My Top 5 Most Influential Releases ~ Simon Murphy

by Simon Murphy

If you have ever been in my car, my house or even just seen inside my record bag, there is one thing that is blaringly obvious….. I have a small obsession with music. Well actually, who am I kidding really? I have a full blown, OCD laden, verging on unhealthy, obsession with music and have done so for as long as I can remember. I have hundreds of records, CDs, tapes, DVDs and videos plus hard drives FULL to the brim with every conceivable genre of electronic music from the last 15+ years of collecting. The collection fills any spare bit of shelf, cupboard, car or floor space that I have and then some. Am I concerned? Not at all…. I wouldn’t have it any other way.

So what does this have to do with anything? Well, when you have as much music as I do and somebody asks you to come up with 5 albums that have influenced you the most as a DJ it does tend to open up a Pandora’s box. It was my equivalent of someone asking a parent which is their favourite child in that even though deep down I had favourites, I felt bad for the others. It was no mean feat to come up with this list as I could have easily made it 20 or 50 influential albums but through a lot of thought I have managed to narrow it down to my top five.

This list is by no means a definitive list of the best or most defining releases across the whole scene. These are not necessarily the most highly praised releases across the genres that they cover or are they even necessarily the most highly regarded releases by the artists included. This is simply a list that captures where my headspace was musically at different times, where I have drawn inspiration from, and most of all, what has shaped my outlook on music and the tunes that I play. It was hard to prepare this list without sounding conceited or self righteous as I had to try to justify what were extremely tough decisions. Passion can easily be mistaken for arrogant self indulgence so I hope that this comes across as the former as this was my intention. The list naturally formed in chronological order as it follows what I was listening to at different times, a few explanations of the scene at the time (sorry if some were long-winded), my changing tastes in music and how I went from being a music-obsessed party-animal promo-whore to a…. well…. to a music-obsessed  party-animal who feels lucky to have the opportunity to spin the tunes I love (when people let me).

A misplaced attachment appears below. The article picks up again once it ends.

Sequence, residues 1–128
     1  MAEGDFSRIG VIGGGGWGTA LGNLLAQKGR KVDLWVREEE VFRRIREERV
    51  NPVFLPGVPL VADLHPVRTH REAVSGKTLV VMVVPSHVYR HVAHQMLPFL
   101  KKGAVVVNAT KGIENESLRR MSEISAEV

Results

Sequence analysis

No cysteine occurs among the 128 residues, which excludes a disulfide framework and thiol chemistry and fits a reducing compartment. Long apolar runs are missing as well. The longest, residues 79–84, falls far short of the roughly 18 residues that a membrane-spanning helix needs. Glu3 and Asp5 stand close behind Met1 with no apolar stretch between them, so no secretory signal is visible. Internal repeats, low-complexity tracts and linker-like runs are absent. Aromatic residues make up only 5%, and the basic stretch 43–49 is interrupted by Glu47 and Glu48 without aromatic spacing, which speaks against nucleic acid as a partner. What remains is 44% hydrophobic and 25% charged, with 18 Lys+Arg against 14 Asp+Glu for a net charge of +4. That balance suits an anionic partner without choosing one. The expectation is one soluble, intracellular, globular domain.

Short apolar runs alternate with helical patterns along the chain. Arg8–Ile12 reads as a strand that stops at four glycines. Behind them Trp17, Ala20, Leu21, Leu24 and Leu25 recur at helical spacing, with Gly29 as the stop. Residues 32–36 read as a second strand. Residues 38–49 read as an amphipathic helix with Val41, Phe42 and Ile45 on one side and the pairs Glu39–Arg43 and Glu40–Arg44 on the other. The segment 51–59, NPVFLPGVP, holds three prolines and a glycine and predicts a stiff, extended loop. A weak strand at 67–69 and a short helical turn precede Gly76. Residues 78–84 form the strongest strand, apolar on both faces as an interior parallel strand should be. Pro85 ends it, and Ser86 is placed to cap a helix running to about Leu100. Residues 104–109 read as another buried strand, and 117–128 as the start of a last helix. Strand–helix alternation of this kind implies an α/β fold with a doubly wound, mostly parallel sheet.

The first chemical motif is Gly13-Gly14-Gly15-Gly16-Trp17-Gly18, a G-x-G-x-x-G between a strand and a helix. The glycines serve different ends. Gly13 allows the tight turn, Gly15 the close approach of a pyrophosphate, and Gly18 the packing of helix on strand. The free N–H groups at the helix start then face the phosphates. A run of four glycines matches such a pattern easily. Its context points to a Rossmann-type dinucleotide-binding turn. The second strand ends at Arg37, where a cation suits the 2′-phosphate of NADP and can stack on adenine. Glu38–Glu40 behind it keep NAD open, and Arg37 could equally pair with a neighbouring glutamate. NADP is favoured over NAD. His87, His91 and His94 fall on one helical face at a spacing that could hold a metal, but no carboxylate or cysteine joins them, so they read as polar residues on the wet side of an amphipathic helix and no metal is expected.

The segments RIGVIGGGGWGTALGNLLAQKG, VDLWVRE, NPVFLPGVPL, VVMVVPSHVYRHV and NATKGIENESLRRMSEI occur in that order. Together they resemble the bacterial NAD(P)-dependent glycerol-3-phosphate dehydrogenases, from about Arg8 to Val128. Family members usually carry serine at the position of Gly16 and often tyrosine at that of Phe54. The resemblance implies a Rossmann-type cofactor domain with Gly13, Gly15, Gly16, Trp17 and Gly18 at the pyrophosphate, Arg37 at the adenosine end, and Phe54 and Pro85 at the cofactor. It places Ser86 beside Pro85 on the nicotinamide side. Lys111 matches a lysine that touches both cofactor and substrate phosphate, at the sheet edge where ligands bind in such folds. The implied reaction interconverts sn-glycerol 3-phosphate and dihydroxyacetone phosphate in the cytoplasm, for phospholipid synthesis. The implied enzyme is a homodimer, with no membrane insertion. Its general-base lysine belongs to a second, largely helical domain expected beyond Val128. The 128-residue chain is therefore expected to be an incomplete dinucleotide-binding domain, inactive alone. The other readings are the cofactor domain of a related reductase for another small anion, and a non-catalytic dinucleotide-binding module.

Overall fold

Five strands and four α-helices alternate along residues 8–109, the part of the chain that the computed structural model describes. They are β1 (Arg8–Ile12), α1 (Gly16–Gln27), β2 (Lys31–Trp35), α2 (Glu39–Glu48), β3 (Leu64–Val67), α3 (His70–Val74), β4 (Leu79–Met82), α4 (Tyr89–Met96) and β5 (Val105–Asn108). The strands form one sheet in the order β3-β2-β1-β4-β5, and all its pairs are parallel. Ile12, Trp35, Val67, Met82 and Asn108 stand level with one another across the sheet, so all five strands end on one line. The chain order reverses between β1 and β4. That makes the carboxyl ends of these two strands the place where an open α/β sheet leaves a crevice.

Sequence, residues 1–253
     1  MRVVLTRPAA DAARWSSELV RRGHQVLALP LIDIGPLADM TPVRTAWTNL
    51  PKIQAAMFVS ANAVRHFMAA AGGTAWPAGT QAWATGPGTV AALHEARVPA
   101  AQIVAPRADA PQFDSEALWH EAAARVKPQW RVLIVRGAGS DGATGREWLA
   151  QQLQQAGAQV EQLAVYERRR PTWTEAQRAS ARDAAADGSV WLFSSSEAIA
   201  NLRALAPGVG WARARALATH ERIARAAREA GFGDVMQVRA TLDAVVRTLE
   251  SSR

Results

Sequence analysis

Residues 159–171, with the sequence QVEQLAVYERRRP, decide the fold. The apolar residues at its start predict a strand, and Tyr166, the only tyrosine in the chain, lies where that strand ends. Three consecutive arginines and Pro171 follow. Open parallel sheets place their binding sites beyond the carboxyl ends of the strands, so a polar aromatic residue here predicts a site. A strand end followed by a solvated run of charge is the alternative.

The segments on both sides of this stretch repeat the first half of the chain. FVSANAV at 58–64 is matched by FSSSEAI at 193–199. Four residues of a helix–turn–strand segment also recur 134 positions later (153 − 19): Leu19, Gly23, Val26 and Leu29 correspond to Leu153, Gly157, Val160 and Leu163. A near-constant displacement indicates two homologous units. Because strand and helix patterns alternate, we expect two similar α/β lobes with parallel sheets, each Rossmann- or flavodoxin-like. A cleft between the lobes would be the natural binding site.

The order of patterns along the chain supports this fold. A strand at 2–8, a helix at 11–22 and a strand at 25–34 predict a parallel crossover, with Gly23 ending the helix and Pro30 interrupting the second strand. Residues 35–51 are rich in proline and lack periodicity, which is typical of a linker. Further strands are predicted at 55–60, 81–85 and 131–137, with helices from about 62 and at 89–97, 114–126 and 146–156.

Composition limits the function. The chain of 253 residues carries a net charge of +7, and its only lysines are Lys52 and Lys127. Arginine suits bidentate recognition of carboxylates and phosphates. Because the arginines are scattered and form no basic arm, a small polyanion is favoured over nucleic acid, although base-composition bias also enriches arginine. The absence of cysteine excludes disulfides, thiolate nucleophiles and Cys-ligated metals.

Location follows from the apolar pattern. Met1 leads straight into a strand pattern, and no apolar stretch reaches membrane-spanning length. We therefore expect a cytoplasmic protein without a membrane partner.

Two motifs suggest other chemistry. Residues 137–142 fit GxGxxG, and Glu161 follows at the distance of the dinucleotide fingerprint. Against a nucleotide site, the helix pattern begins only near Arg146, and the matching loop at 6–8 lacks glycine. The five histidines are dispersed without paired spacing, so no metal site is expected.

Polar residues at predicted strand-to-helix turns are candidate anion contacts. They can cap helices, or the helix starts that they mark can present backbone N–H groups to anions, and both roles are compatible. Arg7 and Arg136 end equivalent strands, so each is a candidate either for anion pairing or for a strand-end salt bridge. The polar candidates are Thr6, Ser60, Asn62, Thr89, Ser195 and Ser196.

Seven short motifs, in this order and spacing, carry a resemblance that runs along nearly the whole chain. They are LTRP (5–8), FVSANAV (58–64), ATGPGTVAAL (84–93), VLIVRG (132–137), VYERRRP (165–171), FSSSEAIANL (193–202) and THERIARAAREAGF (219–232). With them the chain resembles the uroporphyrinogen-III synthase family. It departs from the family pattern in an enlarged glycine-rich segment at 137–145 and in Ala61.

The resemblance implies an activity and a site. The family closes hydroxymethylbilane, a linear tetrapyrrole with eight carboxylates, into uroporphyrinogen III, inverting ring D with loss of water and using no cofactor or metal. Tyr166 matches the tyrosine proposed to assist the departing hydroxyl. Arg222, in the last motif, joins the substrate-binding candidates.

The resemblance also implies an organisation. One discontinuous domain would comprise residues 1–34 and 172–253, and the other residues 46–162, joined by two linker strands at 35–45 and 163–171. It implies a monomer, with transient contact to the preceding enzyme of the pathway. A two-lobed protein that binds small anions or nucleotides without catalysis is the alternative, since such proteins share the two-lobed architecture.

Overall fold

So enough of my rambling (or the start of a whole lot more rambling?) here are my choices……

1. The Prodigy – Music for the jilted generation (1994)

The Prodigy - Music for the Jilted GenerationAs a teenager in the mid to late 90’s I was, like everyone else, riding the grunge and punk waves. I liked music with a lot of energy but never really liked the more classic ‘rock’ sound per se. I got into dance music when I was pretty young and I’m not going to lie; a lot of the stuff I listened to was horrible stuff. Whilst bouncing around between these almost polar opposites, I found myself unknowingly searching for something that would grab me and shake things up. Enter stage right…. The Prodigy.

The Prodigy turned any preconception that I had of music on its head by merging the ideals of punk with the structures and sounds of electronic music. I blasted this through my walkman like there was no tomorrow. They were the gateway act that got me hooked on the good stuff and made me thirsty for more. With the little money I had from my part time job at KFC I would hit up Dixon’s and buy anything and everything from the ‘dance music’ section. Buying second hand CDs from Dixon’s, armed with minimal knowledge of what I should be looking for, meant my collection included everything from Detroit House to Rotterdam Hardcore, from trance to jungle, from commercial cheese to experimental Goa. Again, a lot of it was horrible, but it opened up my eyes to a whole new world of music that I fully immersed myself in. This exposure to such a wide array of sounds meant that I always kept an open mind about music and this is an ideal I still try to remain true to.


2. Sasha + Digweed – Northern Exposure : Expeditions (1999)